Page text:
Azime Telli, a nuclear energy expert from Turkey’s Mersin University, said talk of withdrawing US weaponry was part of political maneuvering related to Turkey’s recent purchase of the Russian S-400 missile system that is incompatible with the air-defense system of the NATO alliance.

“However, even if this decision is taken, it cannot be quickly implemented because we are part of the NATO alliance and it wouldn’t be so easy to break this strategic relationship,” she told Arab News.

The US recently removed Turkey from its F-35 Joint Strike Fighter program, claiming the combat aircraft project could not coexist with the Russian system. The F-35 is US’ most sophisticated warplane and Turkish companies were producing about 937 of its parts.

“Along with economic and diplomatic sanctions from the US, closing Incirlik air base was always at the table as a bargaining chip to increase the tension between the two countries. The removal of the nukes will also be used as a negotiation tool during the Trump-Erdogan meeting on Nov. 13,” Telli said.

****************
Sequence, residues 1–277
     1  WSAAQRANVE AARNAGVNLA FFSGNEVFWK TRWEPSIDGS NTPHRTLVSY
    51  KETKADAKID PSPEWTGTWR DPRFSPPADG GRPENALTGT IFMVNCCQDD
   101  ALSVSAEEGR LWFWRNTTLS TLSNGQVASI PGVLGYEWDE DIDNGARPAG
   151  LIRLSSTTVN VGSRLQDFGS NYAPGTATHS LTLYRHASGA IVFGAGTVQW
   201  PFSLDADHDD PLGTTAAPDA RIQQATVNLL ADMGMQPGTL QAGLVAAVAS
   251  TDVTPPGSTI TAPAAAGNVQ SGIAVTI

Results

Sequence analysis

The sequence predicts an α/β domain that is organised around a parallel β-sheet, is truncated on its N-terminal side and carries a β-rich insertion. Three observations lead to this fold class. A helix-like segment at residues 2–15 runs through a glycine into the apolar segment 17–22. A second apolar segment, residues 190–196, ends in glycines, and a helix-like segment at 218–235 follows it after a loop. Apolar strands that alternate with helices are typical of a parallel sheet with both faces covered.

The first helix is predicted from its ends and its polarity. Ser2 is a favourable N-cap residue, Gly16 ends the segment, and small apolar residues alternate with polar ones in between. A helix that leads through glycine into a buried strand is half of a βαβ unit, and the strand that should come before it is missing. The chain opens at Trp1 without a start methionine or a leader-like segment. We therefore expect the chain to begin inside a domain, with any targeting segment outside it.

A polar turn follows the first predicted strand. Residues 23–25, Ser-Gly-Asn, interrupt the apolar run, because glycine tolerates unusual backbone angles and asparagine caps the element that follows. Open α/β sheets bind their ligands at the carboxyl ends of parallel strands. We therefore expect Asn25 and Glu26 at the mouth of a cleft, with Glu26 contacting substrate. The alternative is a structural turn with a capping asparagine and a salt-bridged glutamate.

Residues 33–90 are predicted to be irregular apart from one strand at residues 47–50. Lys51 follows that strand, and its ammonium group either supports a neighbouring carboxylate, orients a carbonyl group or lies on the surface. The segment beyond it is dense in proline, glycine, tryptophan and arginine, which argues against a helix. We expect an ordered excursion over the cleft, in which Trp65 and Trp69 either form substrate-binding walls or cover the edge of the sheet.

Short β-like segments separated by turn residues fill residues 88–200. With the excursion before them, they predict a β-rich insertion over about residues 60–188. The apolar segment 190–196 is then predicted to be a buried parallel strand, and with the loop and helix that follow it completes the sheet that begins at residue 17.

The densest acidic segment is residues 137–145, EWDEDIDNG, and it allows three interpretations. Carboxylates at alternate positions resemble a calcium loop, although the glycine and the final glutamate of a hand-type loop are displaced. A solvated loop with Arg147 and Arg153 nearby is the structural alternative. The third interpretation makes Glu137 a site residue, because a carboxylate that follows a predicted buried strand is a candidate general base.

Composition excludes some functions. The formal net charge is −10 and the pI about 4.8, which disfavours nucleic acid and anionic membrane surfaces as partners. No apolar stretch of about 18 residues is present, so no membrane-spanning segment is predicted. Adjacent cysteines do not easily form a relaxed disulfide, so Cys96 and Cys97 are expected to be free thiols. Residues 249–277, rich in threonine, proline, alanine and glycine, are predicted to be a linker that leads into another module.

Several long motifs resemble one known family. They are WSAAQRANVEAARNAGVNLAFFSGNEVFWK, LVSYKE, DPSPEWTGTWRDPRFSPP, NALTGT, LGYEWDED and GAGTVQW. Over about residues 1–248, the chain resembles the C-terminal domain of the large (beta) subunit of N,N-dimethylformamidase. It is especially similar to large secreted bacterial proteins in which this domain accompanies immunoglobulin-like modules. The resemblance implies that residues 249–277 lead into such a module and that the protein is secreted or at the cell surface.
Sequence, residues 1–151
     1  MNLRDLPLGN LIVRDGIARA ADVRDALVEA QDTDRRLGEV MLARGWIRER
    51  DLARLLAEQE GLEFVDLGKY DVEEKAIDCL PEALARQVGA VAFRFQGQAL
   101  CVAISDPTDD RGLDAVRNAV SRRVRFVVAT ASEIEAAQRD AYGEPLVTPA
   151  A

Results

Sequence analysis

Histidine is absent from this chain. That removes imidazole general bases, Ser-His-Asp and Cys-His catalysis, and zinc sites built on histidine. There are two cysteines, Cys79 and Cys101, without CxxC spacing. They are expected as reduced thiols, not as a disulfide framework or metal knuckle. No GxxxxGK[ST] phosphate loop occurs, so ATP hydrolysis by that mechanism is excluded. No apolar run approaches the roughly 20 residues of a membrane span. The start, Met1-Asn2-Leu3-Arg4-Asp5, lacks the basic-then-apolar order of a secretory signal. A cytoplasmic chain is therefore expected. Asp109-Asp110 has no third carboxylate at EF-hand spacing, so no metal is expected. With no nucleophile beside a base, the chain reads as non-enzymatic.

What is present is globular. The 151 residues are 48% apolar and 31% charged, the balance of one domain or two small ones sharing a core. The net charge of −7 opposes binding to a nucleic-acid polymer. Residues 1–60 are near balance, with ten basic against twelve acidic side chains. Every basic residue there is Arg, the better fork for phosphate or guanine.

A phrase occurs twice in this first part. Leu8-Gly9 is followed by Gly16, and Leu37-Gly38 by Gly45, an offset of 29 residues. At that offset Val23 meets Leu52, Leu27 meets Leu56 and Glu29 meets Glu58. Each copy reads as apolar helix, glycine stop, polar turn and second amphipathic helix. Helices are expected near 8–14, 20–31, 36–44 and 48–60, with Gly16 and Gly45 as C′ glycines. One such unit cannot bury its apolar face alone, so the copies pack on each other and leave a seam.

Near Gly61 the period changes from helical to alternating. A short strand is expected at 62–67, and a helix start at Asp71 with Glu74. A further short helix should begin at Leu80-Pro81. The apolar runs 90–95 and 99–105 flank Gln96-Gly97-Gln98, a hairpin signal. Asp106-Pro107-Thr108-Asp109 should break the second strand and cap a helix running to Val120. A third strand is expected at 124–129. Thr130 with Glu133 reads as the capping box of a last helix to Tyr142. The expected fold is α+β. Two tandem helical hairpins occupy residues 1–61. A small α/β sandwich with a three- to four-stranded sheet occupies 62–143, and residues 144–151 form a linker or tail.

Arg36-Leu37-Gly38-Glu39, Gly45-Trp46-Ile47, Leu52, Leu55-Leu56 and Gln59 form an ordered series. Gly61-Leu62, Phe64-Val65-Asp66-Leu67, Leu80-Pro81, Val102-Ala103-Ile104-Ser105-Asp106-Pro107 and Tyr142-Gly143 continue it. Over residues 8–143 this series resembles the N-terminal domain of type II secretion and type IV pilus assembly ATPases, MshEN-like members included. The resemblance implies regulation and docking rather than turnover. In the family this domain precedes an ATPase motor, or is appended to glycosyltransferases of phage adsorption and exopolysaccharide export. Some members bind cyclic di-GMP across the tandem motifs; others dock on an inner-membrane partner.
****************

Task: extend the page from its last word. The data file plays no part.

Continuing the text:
Some experts fear a US nuclear withdrawal from Turkey would create regional instabilities.

“The presence of these nukes was providing Turkey with a kind of immunity against all neighboring countries having nuclear capabilities, not only Russia but also Iran,” Telli added.